Matt Prior was immovable in a memorable demonstration of collective resistance as England somehow avoided a first Test series defeat in New Zealand for almost 30 years.
Prior's unbeaten 110 scrambled England to 315 for nine at stumps in the final Test at Eden Park in a tour-de-force rearguard which also featured a near six-hour 75 from Ian Bell, a triumph of self-denial as Stuart Broad batted an astonishing 61 balls before scoring his first run and then number 11 Monty Panesar helping to keep out the last 19 balls.
But it was England's wicketkeeper-batsman who simply would not yield, making the most of some early fortune in a 182-ball innings. His stands of 78 with Bell and then 67 with a mostly scoreless Broad spanned 54 overs as the Kiwis, try as they might, just ran out of time and had to settle for a 0-0 series draw.
England had begun the final morning on 90 for four - with a theoretical victory target of 481 long since relegated to an irrelevance.
Prior's doggedness spared England embarrassment
Bell's determination stretched to strokeless extremes as he and Joe Root marked time against the old ball - and having first taken guard when Jonathan Trott was out on Monday night, he eventually fell to the 271st delivery he faced, an attempted drive at Neil Wagner ending in an edge to third slip, ensuring England's mission was again highly improbable.
Before then, Trent Boult needed just one attempt with the second new ball to break Bell's partnership of 60 with Root minutes from lunch. The Yorkshireman departed with uncanny echoes of several of his team-mates' first-innings dismissals, lbw pushing forward to an inswinger. Jonny Bairstow went cheaply to Tim Southee in early afternoon.
Prior was only 20 when he then mis-pulled Southee from high on the bat and saw the ball drop just out of Wagner's reach as he raced towards midwicket. Prior's next scrape, eight runs later, was an uncanny defiance of physics. A short ball from Wagner dropped down off his bat handle on to the bottom of the stumps - but somehow did not dislodge the bails.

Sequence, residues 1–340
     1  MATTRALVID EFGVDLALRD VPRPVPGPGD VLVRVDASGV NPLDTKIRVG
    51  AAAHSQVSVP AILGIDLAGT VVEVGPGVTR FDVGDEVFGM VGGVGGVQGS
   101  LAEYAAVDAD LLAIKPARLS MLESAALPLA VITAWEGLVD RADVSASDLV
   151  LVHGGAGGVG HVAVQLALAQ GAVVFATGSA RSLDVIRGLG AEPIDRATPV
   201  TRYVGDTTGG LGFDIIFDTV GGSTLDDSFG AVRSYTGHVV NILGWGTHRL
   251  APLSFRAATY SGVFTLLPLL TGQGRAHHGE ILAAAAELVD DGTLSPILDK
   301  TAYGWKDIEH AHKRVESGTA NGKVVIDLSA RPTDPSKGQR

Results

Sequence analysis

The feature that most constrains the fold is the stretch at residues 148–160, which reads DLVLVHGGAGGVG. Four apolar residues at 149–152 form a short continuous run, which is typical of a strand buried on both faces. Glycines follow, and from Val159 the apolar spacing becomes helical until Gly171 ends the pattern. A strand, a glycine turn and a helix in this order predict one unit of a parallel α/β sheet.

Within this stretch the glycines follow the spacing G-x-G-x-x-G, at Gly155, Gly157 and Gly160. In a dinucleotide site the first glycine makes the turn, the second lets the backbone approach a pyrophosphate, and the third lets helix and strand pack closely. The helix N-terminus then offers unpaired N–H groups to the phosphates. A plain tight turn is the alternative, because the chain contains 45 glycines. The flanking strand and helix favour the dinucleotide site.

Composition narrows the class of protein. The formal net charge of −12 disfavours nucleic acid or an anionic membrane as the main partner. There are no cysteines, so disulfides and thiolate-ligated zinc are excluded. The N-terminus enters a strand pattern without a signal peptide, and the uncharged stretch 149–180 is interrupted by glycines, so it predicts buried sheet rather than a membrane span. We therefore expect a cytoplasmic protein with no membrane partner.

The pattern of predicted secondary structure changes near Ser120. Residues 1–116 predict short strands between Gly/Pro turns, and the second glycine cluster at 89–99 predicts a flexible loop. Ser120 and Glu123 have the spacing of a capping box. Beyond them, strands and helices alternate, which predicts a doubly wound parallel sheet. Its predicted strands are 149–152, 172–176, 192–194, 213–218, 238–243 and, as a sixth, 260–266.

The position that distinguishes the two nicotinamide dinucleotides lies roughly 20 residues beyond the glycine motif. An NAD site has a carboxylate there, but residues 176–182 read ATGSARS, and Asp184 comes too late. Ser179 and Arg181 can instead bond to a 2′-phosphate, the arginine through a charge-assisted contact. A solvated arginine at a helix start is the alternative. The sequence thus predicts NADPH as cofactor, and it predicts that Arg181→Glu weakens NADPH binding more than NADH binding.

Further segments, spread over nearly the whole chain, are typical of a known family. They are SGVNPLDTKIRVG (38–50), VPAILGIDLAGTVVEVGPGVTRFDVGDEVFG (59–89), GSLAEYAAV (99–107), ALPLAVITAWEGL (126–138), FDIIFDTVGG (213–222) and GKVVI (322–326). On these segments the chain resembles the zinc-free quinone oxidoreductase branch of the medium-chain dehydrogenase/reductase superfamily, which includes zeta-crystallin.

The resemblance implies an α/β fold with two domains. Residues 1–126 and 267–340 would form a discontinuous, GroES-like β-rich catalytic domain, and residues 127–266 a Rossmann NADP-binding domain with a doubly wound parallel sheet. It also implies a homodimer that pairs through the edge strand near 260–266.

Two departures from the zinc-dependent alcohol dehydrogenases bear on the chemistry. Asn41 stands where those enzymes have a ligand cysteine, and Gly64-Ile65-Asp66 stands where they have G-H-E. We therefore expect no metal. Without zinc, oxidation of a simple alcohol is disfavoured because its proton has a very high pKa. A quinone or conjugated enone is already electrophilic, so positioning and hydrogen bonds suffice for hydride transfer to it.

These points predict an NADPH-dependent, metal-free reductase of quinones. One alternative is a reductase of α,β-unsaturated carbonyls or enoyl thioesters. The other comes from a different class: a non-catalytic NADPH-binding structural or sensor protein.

Broad also survived a comical muddle to a yorker from Trent Boult, reviewing Paul Reiffel's lbw decision while on his knees - after dropping his bat and being hit in the throat by the handle, through his helmet grille. The crucial consolation was that DRS demonstrated Broad, still on nought of course, had hit the ball and therefore managed to overturn the decision.
Kiwi captain Brendon McCullum tried everything he knew. But Broad and Prior, who completed his hundred with a pull off Wagner for his 18th four, had every answer until the hard-working number nine edged Kane Williamson to slip - and then James Anderson went in an action replay two balls later.
It fell to Prior therefore, in company with Panesar for the final three overs, to keep England unbeaten in a series many predicted they would win at a canter to set themselves up for their double Ashes year.
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